Thinking Beyond the 30-Year Fixed Rate Mortgage

by 05 Mar 2013

American borrowers have come to regard the 30-year fixed rate mortgage (FRM) as the be all and end all of all residential lending products. The conforming benchmark 30-year FRM is certainly a great deal when interest rates are at record lows, which has been the case since the Federal Reserve Bank launched Operation Twist in 2011 and the third round of quantitative easing (QE3) last year. 

Borrowers locking into 30-year FRMs for their home purchases and refinances at this time are exercising great financial moxie, but the reality is that the great majority of them will probably begin shopping for a different mortgage a few years from now. Would they refinance or consider buying a new home in the future if the 30-year FRM disappeared from the market?

The End of the Government as a Mortgage Stakeholder

In a recent Time magazine article, business journalist Christopher Matthews argues that most of the proposals to reform the U.S. government’s role in the housing market will probably not work unless the 30-year FRM stops being the benchmark home lending product. 30-year FRMs were created by the New Deal agencies that President Franklin Delano Roosevelt created to deal with the terrible aftermath of the Great Depression. Mortgages before that time were short-term interest-only affairs that lasted no longer than 10 years, and full principal payment was usually due at the end of the term.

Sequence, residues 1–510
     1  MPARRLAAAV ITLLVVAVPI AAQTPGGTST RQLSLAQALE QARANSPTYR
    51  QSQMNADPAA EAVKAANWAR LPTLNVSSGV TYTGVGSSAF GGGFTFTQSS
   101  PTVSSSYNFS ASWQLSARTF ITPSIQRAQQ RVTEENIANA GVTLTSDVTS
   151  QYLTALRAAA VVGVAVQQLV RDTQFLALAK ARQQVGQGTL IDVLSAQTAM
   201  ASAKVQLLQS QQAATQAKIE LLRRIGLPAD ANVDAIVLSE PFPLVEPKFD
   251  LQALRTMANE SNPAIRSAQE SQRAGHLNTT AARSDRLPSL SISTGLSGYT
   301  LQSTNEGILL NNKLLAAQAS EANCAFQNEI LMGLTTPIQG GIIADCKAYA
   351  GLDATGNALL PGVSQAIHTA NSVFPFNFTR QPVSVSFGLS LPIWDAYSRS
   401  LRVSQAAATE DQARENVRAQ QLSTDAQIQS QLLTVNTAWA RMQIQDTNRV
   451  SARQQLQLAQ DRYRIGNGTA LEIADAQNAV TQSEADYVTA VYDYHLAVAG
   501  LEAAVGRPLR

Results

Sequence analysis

Proponents of dismantling Fannie Mae and Freddie Mac and selling their portfolios to private entities are also hinting at the idea of an American mortgage market without a 30-year FRM. Private mortgage investors are unlikely to warm up to the idea of holding on to long-term home loans without having the benefit of interest rate adjustment. Mortgage-backed securities without government guarantees will not be as attractive to investors in the secondary markets.

Since the collapse of the housing and mortgage markets in 2008, the role of the U.S. government in guaranteeing home loans has considerably increased. More than 80 percent of all mortgages in the U.S. are guaranteed to an extent by taxpayers, and this percentage could climb due to the ongoing recovery. It is not only a massive stake but also a huge risk that private lenders are not likely to assume, particularly when 30-year FRM products tie them down.



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